Cars for Sport
At the present time, when motoring is excessively expensive and likely to become more so, fortunate indeed is he or she who can motor purely for the fun and pleasure of so doing. Most of us have to combine enjoyment of driving with other more utilitarian aspects of car-ownership, such as domestic and business transport. This being the case, it is significant that sufficient wealth remains in circulation in this impoverished country for the pursuit of veteran and vintage motoring to continue to flourish. Yet it shows little sign of diminishing, fortunately. We feel, however, that a peak has probably been reached. The cost of restoring and maintaining pre-war cars has become astronomical. This is reflected in the numbers of the older vehicles now being advertised in an incomplete state, or with overhauls not fully completed — the same thing is found in the model-engineering field, in which so many large steam-locomotives, etc., are offered for sale with a good deal of time, effort and materials required to complete them.
This being the case, it seems that while the upper ranks of the old-car movement are likely to thrive, the lesser ones may well slow down and those unable to cope with the growing cost and complexity of the hobby turn to modern equivalents — if die-hard vintage followers will accept that phrase in its general implication!
What we are implying is that, as expense and time-factors retard the vintage following, with restoration charges soaring and many parts obtainable only after long delays, even to the extent of special batches of rare replacements having to be obtained through specialist clubs, those impatient to enjoy some fun motoring, maybe before it is too late, may well not a substitute for vintage interests.
While we can understand that very costly pre-war cars will continue to command top prices, from the aspects of rarity value and the sheer enjoyment of owning and using a thoroughbred from that era, and because of the monetary insurance such vehicles represent in these days of a threatened wealth-tax and the continual depreciation of currency, especially as old motor vehicles continue to be exempt from Capital Gains tax, we do not think that the prices so often asked for lesser specimens are realistic.
As we remarked in our Golden Jubilee Editorial, a bad or mediocre car doesn’t become any nicer to drive the older it gets. So we feel justified in suggesting that those who contemplate paying, say, from £500 to £2,500 for non-sports Austin Sevens, around half the latter figure for things such as Singer Juniors or Clyno Nines, or spending upper-three-figure outlays on post-war bread-and-dripping closed cars, are either ill-advised or far more fanatical than we are. And we thought we were rather far-gone in terms of vintage enthusiasm. . . .
The foregoing remarks must be qualified by the observation that, having paid astronomical sums for dreary old machinery, there is absolutely no guarantee that the money won’t go down the drain with one unfortunate bang or splutter! While this is a risk worth accepting with a thoroughbred or uniquely rare and unusual car, it hardly seems so for much of the rubbish now masquerading as collectors’ pieces, unique opportunities or unrepeatable bargains. We are not saying such cars are worthless — nearly all are worth preserving and most are capable of giving pleasure in some degree, pace the success of the one-make clubs. Only that today the majority of the lesser specimens are being priced out of the market-place. Nor are we saying that high prices for aged vehicles are dishonest. Present wage-levels for skilled restoration and the inflated cost of even such essentials as tyres for vintage and veteran cars have to be met. What we are saying is that because of these inescapable facts those investing in such vehicles are likely to become more and more selective and many of the less worthwhile ancients remain unsold. (The Editor is aware that a reader has referred to him as “a traitor” for such views applied to Austin 7s, presumably because he indicated his pre-war appreciation of the immortal Seven by owning several and suggesting the formation of the 750 MC. But even in those days the enthusiast went for a Nippy or a Speedy and already regarded a Chummy simply as something to modify and an Austin 7 saloon as mere transport. So he is unrepentant in thinking that £2,500 for a touring Seven represents a poor investment, even by 1975 monetary standards.)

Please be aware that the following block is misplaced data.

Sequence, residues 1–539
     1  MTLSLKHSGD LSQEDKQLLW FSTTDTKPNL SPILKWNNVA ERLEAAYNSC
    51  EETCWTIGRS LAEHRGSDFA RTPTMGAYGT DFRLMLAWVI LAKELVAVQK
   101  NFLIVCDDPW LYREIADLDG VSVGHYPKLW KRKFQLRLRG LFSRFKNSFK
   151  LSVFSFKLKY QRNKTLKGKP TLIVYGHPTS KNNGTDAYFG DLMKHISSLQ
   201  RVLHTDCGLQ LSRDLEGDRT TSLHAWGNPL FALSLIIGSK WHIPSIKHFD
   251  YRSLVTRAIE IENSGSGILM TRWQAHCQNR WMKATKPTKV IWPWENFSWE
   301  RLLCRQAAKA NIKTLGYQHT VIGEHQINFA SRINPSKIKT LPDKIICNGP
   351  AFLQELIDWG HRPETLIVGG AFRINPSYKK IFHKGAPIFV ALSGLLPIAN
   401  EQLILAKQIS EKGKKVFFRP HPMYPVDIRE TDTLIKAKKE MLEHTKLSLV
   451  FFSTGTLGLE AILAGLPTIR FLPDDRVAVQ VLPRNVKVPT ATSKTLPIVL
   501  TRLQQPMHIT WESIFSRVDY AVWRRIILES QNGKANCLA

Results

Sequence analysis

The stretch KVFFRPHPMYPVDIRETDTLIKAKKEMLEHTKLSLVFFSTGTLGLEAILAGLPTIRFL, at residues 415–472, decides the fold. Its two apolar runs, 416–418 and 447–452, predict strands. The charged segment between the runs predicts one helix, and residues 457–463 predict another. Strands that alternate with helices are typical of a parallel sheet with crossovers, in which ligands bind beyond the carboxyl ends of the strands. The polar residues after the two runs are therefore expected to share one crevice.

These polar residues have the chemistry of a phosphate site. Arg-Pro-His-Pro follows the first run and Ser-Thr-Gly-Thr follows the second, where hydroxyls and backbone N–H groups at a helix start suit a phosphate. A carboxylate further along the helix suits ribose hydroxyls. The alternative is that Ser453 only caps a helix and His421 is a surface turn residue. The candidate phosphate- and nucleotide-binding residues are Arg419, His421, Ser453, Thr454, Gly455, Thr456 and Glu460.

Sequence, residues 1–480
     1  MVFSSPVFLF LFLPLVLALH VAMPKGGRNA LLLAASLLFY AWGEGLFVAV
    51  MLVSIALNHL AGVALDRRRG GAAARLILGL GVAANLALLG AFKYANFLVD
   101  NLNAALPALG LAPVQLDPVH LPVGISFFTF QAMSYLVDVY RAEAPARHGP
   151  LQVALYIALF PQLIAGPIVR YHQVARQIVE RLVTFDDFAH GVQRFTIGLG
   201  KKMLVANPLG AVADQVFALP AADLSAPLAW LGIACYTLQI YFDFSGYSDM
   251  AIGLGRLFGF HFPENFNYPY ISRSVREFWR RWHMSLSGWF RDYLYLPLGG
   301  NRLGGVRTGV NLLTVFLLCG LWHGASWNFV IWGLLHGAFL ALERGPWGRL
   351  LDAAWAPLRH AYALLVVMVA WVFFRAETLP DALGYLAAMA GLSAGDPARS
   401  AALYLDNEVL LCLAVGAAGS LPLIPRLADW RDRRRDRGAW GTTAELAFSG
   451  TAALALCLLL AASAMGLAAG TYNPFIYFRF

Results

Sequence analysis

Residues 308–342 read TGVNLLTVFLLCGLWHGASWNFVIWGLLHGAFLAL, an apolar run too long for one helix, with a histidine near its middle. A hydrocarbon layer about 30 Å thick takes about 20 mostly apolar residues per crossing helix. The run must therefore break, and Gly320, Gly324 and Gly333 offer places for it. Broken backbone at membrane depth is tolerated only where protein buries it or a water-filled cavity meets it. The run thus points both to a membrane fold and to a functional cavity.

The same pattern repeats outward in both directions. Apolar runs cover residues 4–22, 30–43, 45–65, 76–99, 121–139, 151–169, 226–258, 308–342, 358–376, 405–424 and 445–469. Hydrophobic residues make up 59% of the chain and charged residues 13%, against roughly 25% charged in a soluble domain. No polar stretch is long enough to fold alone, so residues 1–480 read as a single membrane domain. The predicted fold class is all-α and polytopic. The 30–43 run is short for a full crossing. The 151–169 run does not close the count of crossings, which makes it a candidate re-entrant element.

The alternative may well be the modern sports car, which provides fresh air, fun, and a degree of individuality for around the price asked for much of today’s pre-war used-car rubbish, with the bonus that it comes on new tyres, with some kind of a guarantee, and is ready to use immediately! We should be thankful, perhaps, that such cars continue to be made, with British Leyland prominent in this field. Anyone who read the report on the ex-Lotus Super Seven in last month’s Motor Sport would surely be unusually cold-blooded not to experience a burning desire to own one, especially during the Utopian summer we have been enjoying. Compare the price of a Super Seven new about £2,000 — with what is offered on the pre-war car market for a similar outlay. . . .